Matt Rahaim

Musicking Bodies

Gesture and Voice in Hindustani Music

Wesleyan University Press 2012

New Books in Arts & LettersNew Books in MusicNew Books in Peoples & PlacesNew Books in South Asian StudiesNew Books Network April 13, 2013 Garrett Field

Have you seen North Indian vocalists improvise? Their hands and voices move together to trace intricate melodic patterns. If we think that music is...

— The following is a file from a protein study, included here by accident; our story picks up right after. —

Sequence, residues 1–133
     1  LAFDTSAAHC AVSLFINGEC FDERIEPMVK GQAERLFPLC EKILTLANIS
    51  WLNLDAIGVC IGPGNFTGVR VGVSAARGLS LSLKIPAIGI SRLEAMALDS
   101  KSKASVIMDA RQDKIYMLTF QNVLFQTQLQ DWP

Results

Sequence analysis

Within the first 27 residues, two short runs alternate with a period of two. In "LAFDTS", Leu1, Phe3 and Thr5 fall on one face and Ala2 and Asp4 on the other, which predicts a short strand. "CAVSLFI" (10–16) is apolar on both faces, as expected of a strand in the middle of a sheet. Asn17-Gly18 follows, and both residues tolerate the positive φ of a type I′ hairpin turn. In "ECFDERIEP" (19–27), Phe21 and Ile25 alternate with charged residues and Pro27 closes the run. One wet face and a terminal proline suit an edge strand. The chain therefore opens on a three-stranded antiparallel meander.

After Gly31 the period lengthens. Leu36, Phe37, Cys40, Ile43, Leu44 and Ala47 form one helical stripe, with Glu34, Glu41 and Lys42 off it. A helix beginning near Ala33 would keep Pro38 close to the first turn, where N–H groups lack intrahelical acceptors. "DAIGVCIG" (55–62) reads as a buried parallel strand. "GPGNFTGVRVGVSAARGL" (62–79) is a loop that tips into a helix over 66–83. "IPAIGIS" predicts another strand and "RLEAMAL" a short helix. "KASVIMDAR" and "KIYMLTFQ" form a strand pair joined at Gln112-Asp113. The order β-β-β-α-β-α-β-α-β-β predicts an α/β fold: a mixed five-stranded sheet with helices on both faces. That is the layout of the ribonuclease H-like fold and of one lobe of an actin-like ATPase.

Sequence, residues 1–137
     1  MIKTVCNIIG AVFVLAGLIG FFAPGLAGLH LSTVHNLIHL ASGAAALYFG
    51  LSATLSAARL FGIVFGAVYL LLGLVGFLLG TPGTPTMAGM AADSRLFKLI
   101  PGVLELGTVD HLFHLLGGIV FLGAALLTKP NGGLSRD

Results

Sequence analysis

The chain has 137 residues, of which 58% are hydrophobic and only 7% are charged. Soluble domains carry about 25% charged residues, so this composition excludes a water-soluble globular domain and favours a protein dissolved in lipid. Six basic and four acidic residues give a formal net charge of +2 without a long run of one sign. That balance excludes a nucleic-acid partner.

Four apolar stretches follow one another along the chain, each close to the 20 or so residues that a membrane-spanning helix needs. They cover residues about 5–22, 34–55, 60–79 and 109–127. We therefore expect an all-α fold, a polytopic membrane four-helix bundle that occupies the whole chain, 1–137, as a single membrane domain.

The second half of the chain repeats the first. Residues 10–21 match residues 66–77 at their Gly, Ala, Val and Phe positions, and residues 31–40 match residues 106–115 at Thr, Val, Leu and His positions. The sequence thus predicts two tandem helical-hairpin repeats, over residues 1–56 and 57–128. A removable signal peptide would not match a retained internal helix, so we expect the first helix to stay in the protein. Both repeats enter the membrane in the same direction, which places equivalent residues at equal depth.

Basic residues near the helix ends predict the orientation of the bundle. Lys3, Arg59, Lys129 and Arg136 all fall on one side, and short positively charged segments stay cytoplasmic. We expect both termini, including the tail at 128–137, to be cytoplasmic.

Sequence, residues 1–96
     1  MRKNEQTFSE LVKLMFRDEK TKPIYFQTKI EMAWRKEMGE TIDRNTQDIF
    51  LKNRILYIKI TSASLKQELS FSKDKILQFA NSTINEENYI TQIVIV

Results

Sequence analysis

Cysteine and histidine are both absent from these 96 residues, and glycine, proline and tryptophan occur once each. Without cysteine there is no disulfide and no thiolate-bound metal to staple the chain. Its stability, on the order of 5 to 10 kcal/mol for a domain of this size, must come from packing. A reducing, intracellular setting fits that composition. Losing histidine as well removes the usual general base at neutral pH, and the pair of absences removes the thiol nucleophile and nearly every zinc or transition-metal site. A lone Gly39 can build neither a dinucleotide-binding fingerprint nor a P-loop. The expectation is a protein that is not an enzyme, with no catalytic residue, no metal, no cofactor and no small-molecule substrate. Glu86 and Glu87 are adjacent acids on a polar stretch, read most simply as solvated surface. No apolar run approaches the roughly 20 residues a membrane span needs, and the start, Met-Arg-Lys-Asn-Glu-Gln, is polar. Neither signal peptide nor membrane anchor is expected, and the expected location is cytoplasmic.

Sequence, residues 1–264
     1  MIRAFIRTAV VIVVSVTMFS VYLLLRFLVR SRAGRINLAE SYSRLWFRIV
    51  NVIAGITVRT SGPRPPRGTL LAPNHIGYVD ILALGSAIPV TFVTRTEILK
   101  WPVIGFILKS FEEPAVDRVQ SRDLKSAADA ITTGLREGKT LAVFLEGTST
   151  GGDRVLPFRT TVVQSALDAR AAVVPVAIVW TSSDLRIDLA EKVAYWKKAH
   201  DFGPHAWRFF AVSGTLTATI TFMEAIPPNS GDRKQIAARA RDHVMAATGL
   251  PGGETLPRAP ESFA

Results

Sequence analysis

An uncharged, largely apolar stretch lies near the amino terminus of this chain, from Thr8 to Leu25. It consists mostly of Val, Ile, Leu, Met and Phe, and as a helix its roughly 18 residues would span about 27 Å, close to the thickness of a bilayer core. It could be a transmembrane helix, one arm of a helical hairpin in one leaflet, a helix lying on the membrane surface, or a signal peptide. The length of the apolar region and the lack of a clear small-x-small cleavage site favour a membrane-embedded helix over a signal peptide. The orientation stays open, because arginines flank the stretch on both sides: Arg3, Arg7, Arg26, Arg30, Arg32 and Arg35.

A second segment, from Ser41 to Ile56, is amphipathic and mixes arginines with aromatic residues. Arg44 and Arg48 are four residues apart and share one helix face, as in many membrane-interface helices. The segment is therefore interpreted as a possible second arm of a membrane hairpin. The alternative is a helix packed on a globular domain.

Have you seen North Indian vocalists improvise? Their hands and voices move together to trace intricate melodic patterns. If we think that music is just made of sequences of notes, then this motion may seem quite puzzling at first. But the physical motion of singers reveal that there is much more going on than note combinations: spiraling, swooping, twirling–even moments of exquisite stillness in which time seems to stop. This kinetic aspect of melodic action is the topic of Matt Rahaim‘s new book, Musicking Bodies: Gesture and Voice in Hindustani Music (Wesleyan University Press, 2012). Rahaim first traces a history of ideas about moving and singing in Indian music, from Sanskrit treatises to courtesan dance performance to the 20th century boom in phonograph recordings. He then leads the reader through vivid melodic and gestural worlds of ragas with illuminating and concise analyses of video data and interviews from years of training in North Indian vocal music, and suggests ways in which melodic motion serves as a vehicle for traditions of ethical virtue. In this interview, Rahaim discusses the bodily disciplines of gesture, posture, and voice production that are so fundamental to singing. Enjoy!

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